WASHINGTON (Reuters) - The United States on Monday announced criminal charges against China’s Huawei Technologies Co Ltd, escalating a fight with the world’s biggest telecommunications equipment maker and coming days before trade talks between Washington and Beijing.
The Justice Department charged Huawei and its chief financial officer Meng Wanzhou with conspiring to violate U.S.
sanctions on Iran by doing business with Tehran through a subsidiary it tried to hide and that was reported on by Reuters in 2012 and 2013.
In a separate case, the Justice Department said Huawei stole robotic technology from carrier T-Mobile US Inc. Huawei has said that the two companies settled their disputes in 2017.
Meng, who is the daughter of Huawei’s founder, was arrested in Canada in December and is fighting extradition to the United States. The charges against Meng, which include bank and wire fraud, were not unsealed until Monday.
Her arrest enraged China, which responded by arresting two Canadians on national security grounds.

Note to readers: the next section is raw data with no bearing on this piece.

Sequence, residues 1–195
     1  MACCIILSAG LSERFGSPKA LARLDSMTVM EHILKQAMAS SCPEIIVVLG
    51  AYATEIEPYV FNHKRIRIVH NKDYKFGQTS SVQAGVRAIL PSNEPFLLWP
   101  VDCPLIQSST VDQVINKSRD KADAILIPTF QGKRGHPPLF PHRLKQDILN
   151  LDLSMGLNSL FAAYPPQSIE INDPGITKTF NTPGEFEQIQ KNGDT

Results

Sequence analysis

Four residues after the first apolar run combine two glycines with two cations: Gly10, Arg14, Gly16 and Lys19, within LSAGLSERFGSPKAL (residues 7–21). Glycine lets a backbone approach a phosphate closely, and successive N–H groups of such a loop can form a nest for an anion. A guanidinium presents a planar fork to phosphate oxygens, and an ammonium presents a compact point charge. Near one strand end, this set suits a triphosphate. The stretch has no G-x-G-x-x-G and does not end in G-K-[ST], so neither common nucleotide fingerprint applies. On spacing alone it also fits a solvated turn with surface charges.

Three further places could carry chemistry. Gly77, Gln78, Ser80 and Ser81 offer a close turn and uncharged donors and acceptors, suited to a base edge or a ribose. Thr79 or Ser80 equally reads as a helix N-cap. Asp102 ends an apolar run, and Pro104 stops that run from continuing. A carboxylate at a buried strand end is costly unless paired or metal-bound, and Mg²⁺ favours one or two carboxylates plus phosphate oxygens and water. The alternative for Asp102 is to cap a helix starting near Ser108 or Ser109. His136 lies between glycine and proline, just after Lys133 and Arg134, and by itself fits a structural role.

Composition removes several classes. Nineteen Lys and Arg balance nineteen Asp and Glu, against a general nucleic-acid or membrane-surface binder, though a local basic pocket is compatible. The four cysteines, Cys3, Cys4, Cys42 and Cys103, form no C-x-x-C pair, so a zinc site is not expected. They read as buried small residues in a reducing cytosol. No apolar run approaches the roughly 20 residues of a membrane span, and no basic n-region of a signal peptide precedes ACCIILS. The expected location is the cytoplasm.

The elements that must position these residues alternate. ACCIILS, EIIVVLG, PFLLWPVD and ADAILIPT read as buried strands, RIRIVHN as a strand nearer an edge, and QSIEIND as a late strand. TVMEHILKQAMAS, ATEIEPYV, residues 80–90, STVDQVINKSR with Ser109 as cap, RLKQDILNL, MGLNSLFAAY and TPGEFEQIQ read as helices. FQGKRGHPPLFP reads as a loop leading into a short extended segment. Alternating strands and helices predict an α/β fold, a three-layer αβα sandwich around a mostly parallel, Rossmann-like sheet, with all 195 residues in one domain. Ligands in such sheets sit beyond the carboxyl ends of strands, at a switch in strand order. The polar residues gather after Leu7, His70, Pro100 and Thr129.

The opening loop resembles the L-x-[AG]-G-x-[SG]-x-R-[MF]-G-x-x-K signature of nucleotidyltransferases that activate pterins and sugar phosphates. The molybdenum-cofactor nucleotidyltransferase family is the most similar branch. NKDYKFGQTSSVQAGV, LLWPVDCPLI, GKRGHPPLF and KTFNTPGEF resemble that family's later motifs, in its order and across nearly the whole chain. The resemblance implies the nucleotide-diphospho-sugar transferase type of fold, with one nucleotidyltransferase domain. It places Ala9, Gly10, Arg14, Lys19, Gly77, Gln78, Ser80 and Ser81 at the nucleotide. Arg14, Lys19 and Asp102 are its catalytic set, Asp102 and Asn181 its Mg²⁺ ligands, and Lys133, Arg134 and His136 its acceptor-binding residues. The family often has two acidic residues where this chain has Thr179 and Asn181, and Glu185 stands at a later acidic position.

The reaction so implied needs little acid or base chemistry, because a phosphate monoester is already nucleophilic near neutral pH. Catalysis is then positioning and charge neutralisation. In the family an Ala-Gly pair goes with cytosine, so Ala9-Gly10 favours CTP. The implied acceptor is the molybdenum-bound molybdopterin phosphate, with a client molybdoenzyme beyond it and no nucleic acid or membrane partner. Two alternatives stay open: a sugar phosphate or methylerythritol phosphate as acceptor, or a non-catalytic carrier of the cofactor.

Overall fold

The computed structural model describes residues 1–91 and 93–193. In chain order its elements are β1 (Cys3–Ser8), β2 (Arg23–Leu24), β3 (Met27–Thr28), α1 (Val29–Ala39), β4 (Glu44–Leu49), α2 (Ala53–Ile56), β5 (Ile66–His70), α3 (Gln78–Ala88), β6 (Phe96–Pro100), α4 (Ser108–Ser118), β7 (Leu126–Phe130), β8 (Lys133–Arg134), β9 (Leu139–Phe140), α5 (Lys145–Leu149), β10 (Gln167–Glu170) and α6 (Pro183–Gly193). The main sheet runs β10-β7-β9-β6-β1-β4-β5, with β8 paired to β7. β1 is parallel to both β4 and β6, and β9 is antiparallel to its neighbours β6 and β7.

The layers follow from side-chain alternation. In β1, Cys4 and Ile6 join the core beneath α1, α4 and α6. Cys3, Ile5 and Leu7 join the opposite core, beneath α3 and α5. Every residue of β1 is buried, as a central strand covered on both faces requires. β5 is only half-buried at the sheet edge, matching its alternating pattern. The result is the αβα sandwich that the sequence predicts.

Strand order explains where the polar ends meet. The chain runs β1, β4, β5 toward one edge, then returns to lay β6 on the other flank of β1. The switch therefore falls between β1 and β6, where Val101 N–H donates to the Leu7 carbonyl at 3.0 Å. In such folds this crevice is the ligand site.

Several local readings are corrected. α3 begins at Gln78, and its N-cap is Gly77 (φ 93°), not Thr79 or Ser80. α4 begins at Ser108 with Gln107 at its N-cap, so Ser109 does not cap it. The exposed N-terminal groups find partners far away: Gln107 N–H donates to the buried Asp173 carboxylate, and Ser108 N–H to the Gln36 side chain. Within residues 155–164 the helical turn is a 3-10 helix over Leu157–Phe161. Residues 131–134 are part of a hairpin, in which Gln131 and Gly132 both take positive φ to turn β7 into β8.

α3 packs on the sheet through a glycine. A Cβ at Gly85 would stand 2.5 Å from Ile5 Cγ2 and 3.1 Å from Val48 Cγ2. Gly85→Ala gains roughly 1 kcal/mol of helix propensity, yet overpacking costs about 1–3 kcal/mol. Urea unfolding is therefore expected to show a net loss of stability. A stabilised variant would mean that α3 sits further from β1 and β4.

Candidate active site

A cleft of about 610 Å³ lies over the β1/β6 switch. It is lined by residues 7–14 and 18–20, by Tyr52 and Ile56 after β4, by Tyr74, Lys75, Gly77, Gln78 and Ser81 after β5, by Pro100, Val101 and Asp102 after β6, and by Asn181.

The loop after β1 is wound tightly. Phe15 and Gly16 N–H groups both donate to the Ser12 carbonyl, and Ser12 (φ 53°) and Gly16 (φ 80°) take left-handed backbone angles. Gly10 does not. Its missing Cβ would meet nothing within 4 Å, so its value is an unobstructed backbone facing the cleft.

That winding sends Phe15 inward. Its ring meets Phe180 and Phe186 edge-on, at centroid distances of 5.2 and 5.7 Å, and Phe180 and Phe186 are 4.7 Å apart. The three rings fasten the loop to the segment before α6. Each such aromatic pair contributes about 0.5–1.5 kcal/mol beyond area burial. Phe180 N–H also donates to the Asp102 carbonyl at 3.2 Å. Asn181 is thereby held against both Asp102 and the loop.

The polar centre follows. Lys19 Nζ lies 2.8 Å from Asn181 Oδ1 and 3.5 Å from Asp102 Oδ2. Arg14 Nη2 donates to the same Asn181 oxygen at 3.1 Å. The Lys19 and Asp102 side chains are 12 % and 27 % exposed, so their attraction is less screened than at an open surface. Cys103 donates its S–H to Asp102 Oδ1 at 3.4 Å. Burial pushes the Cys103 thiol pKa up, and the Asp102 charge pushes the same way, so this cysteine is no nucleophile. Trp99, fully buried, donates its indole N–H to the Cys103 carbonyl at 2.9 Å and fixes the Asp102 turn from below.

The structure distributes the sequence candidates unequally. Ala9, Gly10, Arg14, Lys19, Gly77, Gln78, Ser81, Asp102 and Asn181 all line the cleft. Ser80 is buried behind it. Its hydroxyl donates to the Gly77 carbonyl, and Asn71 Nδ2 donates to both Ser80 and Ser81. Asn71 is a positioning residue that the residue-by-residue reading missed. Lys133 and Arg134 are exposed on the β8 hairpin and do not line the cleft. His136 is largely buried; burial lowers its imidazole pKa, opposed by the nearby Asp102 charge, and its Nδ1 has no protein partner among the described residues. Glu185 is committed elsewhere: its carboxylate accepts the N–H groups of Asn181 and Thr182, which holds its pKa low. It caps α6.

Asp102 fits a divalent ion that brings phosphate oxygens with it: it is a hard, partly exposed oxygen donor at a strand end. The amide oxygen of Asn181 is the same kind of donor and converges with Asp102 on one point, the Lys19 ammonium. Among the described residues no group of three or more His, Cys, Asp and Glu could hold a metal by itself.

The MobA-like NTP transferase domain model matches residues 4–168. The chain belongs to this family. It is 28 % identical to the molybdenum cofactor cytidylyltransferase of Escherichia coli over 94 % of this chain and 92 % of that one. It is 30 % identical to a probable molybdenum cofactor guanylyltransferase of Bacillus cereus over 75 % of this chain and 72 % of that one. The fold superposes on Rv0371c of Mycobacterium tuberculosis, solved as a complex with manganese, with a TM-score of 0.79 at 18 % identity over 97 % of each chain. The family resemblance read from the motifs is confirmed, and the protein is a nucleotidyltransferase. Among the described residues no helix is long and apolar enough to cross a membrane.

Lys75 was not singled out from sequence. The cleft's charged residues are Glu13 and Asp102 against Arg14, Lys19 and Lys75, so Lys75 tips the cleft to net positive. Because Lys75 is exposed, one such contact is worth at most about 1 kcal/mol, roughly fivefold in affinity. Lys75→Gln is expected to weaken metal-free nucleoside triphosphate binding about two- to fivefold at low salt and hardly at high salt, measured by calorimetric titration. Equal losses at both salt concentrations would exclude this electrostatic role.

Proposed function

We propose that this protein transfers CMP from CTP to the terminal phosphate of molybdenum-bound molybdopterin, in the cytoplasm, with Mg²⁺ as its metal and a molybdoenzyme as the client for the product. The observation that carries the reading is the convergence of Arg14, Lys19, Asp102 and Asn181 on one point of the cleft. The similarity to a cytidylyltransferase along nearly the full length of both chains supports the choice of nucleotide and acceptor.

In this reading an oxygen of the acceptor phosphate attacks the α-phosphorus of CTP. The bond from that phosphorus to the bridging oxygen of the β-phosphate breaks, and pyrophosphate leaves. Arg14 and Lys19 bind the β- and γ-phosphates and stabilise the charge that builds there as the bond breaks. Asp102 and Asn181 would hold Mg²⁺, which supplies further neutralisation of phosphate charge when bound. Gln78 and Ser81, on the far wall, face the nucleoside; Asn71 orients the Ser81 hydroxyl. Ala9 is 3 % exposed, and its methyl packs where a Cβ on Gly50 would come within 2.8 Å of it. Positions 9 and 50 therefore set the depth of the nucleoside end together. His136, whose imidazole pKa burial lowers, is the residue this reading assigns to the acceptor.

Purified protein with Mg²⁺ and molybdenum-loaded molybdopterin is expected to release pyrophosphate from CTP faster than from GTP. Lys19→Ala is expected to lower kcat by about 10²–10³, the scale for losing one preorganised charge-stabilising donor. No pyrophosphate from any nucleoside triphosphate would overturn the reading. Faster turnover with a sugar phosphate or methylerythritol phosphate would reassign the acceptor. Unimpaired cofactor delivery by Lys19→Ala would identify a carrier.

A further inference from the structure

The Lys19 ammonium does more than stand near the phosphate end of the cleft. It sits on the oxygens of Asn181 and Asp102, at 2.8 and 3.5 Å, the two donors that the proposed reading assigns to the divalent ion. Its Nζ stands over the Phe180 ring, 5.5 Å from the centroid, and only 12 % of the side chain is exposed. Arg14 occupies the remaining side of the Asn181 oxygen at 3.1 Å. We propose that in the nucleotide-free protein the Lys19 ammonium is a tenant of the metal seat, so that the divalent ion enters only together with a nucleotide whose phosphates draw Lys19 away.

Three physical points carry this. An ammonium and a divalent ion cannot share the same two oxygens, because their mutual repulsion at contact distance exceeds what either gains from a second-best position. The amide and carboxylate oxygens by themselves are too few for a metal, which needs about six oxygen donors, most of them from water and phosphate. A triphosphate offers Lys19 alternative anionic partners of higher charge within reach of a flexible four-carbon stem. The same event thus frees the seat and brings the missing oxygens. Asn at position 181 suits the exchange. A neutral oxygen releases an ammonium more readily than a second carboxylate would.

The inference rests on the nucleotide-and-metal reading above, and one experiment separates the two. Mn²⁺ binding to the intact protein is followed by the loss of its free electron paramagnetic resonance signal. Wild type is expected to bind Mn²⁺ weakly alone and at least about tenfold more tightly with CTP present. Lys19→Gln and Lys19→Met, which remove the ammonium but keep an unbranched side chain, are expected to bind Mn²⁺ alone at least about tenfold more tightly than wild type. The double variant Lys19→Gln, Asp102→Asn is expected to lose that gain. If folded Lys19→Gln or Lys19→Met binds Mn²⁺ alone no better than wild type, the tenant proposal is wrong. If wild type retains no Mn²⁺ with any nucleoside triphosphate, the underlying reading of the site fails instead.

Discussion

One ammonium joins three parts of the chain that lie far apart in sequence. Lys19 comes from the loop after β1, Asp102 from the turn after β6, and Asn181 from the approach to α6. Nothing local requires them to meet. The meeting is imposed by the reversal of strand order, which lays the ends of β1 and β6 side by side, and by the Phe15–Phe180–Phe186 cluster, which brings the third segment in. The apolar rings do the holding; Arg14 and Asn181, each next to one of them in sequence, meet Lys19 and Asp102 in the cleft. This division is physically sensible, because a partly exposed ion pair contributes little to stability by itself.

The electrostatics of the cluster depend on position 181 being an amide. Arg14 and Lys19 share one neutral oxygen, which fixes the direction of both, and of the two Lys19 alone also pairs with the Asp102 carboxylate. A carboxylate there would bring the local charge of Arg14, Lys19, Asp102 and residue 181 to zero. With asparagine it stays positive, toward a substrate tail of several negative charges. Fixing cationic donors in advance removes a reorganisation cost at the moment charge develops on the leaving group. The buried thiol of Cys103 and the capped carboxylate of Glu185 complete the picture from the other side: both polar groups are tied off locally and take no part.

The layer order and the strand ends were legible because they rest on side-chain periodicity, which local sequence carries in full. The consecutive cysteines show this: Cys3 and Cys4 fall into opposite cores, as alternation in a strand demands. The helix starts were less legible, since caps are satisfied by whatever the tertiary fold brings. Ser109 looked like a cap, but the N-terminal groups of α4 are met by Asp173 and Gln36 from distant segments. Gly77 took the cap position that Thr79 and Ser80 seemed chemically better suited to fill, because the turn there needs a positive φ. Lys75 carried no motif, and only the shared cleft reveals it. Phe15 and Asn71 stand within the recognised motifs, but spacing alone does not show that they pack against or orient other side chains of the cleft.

Beijing and Washington are engaging in high-level talks this week as part of negotiations intended to walk back trade tensions between the globe’s two largest economies.
U.S. Commerce Secretary Wilbur Ross said the Huawei charges are “wholly separate” from the trade negotiations.
U.S. authorities accuse Meng of playing a lead role in the scheme to use a subsidiary to conduct business in Iran in violation of U.S. sanctions against Tehran.
Meng has said that she is innocent and Huawei did not respond to requests for comment on the charges announced Monday.
President Donald Trump said in December he could intervene in the case if it would serve national security interests or help close a trade deal with China.